Andy Roddick’s press conferences are justly famous. He’s a kidder, he’s blunt, he’s honest, and he’s pretty intelligent, too. You’ll often find yourself startled by a casual insight, though he does plenty of standard press conference blather, too (in response to standard press conference blathering questions).
So it’s not surprising but still refreshing to read his response to being asked about his 600th career win, which his victory over Andreas Seppi to procure the title at Eastbourne was. “When you do something, you know, 15, 16 people have done in the history of the game, it's two things: It makes you call into the fact that you are probably older than you want to be at this point, and secondly, it's a lot of wins. I mean, it's a lot of matches. You know, it's a humbling thing.”
That comment is classically Roddick: first it includes a self-deprecating joke (“you are probably older than you want to be at this point”) and then gives a disarming reaction to his achievement: He is humbled by having gritted it out so many times. That’s the unassuming side of his nature speaking – the one that’s grateful for his extraordinary lifestyle and happy for the chance to put in the hard work on something he loves. Of course, it’s the opposite of the icily sarcastic hothead who berates umpires and linespeople and throws his towel on the ground for scurrying ballkids to pick up – you’d never call that person unassuming. But that’s Roddick under pressure and competing. There’s a very decent, sporting part of Andy that most people are aware of by now, and it’s the side of him that has many tennis fans hoping for the unthinkable – that he somehow pulls off an astonishing run from behind and topples the top guns to win Wimbledon.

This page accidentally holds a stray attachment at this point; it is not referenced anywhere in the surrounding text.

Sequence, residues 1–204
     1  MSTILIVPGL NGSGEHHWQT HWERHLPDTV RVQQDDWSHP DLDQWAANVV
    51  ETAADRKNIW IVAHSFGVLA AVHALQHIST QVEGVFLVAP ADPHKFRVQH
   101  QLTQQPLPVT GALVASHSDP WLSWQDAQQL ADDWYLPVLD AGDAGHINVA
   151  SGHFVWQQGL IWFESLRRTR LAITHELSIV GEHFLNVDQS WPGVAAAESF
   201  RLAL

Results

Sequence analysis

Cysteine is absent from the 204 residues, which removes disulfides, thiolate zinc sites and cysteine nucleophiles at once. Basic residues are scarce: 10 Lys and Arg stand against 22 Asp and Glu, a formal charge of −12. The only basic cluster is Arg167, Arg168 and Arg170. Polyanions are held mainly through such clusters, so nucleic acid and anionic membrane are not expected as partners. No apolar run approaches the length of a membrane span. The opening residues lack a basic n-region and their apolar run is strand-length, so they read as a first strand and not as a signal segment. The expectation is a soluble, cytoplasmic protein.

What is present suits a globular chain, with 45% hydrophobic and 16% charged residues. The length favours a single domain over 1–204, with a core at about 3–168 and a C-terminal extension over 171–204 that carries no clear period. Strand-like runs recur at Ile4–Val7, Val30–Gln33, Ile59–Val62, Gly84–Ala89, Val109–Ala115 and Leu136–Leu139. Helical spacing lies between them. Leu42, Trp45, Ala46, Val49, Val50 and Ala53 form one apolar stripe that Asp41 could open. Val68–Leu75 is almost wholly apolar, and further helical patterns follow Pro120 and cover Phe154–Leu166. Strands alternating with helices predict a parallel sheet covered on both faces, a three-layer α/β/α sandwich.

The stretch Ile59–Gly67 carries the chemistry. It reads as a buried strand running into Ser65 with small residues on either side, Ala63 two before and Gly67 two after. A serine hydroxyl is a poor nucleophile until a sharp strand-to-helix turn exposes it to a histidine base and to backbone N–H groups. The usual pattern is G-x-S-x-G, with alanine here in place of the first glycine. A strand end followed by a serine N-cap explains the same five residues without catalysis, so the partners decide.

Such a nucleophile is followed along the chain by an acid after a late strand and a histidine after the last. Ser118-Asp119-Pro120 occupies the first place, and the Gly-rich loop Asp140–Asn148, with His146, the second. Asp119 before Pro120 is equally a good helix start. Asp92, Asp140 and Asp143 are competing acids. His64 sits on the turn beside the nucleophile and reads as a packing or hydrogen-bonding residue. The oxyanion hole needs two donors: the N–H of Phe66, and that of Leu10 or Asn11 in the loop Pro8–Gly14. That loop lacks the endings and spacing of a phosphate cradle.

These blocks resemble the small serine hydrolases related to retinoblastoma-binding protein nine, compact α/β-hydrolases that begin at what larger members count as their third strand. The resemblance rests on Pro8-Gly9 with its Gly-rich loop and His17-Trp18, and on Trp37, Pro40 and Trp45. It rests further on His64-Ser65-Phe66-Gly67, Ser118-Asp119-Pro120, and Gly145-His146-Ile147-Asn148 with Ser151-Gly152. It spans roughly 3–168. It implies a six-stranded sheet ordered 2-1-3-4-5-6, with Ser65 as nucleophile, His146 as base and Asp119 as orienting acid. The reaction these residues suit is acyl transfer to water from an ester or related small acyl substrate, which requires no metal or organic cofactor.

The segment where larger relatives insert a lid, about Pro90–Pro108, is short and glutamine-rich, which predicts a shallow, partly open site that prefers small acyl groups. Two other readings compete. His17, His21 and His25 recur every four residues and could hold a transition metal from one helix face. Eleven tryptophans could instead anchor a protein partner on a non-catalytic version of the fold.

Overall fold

No tennis fan, or maybe even casual observer, can forget the 2009 Wimbledon final where Roddick lost to Federer after five hard-fought sets and no breaks of serve – a gut-wrenching match with a bitter conclusion. Even Federer couldn’t fully exult, musing in his post-court interview that he felt “funny, for some reason.” Roddick had come so close to achieving a long-held and seemingly impossible goal: to beat Federer. By the end of the insanely long fifth set (the final score was 16-14), which became a battle of endurance as much as skill, anyone aware of the match was gutted for Roddick.
He’s creeping up on retirement, so hopes for another Slam are exceedingly dim. And thoughts of the impressively dominant Nadal and hot-on-his-heels, fire-breathing Djokovic (to say nothing of Federer, always a threat at Wimbledon) losing their footing before the final are even more exceedingly dim. So it’s a wish more than a hope, but it’s there – that this hard-working and humble American can achieve his dream, the one he articulated to Pete Sampras in front of the crowd after the 2009 loss: “I hope someday to have my name up there beside yours.” That day, with Sampras and Federer beaming at each other in happy parity and referring to being “members of the club,” Roddick’s admission that he wished he could be part of that club was bravely honest. For that honesty and all his hard work, there’s probably no one who doesn’t wish him well at this point.